Olive Oil was called "the great therapeutic" by Hippocrates of ancient Greece, the father of Medicine.
Homer called Olive Oil "liquid gold" and ancient Greek athletes ritually rubbed it all over their bodies.
The health benefits of Olive Oil that had been known and applied for centuries in ancient Greece and other parts of the ancient world are now being rediscovered by modern day researchers.
A study published in the March 2004 issue of Medical Science Monitor reported that 2 tablespoons a day of olive oil added to an otherwise unchanged diet in 28 outpatients, ranging in age from 64 to 71, resulted in significant drops in total and LDL cholesterol. If you visit the highlighted link to Medical Science Monitor you will find other more current articles on Olive Oil.
Published studies link the judicious use of olive oil to reducing the effect of a growing list of ailments. For example, Greek women have a 42% lower rate of breast cancer than women in the U.S.
Olive oil is recognized as important in maintaining metabolism and contributes to the development of the brain and bones in children. It is also recommended as a source of vitamin E for older people. A natural anti-oxidant, olive oil slows down the natural aging process. It also slows down acid overproduction in the digestive system thereby reducing the risk for ulcers and other gastrointestinal problems.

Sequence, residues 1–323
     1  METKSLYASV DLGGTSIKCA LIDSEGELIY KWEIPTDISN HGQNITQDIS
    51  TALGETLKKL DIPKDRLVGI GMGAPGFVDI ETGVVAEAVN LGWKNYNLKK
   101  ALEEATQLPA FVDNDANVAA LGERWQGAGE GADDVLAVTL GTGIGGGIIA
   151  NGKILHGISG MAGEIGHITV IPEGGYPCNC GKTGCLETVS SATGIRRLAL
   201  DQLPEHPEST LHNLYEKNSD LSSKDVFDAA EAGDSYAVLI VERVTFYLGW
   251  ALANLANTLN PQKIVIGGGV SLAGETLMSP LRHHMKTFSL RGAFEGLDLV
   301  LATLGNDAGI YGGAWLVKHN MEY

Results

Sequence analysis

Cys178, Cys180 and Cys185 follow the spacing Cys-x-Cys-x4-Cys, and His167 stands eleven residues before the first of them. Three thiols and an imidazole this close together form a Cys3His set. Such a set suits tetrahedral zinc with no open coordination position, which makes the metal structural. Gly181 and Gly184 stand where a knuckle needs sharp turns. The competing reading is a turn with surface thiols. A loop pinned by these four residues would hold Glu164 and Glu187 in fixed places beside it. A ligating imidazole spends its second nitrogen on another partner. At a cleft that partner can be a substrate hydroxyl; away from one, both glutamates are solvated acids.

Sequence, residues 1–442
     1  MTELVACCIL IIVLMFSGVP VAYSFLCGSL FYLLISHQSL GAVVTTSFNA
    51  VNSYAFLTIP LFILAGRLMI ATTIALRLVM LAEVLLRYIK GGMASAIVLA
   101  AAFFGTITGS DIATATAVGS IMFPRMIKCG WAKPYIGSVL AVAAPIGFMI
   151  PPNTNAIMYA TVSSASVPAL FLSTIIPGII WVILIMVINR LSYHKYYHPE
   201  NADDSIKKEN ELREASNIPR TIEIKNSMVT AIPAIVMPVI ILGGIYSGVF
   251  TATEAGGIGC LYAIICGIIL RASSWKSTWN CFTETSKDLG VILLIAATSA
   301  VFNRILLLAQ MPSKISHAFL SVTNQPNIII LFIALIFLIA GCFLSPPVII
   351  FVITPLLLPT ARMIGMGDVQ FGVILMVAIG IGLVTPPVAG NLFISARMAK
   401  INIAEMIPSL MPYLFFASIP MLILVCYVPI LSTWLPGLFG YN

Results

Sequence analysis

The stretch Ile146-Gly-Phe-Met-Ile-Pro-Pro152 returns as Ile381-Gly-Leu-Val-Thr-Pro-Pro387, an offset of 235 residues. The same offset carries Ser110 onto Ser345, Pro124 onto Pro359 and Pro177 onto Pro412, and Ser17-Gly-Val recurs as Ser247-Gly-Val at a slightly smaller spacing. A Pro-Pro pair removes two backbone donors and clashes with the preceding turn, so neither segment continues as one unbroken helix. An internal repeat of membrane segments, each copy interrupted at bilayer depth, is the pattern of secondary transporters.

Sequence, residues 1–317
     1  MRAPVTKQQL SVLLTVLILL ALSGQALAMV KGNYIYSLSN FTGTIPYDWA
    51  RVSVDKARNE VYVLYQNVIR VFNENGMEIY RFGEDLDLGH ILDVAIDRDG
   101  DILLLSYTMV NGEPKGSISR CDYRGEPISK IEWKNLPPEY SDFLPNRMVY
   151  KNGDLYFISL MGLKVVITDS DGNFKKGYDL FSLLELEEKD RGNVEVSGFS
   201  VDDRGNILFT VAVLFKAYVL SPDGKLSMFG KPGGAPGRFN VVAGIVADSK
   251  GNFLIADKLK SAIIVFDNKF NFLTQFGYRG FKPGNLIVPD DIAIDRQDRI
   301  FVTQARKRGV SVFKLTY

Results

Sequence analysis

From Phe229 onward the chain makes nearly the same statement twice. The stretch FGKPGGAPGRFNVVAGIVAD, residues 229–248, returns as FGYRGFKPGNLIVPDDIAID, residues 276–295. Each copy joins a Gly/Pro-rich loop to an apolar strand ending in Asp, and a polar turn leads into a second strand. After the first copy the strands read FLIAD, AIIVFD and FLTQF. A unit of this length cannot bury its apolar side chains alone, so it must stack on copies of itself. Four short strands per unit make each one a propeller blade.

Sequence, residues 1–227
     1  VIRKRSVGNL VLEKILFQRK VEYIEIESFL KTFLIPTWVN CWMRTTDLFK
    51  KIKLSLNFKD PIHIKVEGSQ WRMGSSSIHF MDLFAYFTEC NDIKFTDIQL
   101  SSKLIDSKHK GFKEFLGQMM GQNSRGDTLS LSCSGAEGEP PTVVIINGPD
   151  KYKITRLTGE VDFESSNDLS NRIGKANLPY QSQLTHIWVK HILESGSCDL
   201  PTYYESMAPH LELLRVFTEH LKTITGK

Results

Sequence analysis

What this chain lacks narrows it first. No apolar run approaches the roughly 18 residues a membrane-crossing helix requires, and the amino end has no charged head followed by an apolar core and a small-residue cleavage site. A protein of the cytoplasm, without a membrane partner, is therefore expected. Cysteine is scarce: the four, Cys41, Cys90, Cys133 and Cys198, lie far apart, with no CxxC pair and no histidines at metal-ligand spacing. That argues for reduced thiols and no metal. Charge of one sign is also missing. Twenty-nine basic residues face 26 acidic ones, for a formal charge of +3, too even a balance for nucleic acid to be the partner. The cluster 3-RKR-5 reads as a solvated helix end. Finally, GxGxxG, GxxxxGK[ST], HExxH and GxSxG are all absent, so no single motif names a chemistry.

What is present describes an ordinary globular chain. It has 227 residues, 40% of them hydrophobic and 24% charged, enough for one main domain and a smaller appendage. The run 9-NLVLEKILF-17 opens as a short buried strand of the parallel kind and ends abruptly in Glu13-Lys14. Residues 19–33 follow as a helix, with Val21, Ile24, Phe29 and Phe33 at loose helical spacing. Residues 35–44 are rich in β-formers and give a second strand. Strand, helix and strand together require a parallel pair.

There is also a low incidence of skin cancer among Mediterranean populations, and olive oil consumption could be a contributing factor to this low skin cancer rate. Olive oil contains significantly higher amounts of Squalene than other seed oils, and Squalene is to a large extent transferred to the skin. German researchers believe that this transfer mechanism is probably accomplished by scavenging singlet oxygen generated by ultraviolet light. Japanese scientists also claim that virgin olive oil applied to the skin after sunbathing could protect against skin cancer by slowing tumor growth.
Pamper yourself, inside and out, with natures gift from the olive trees.
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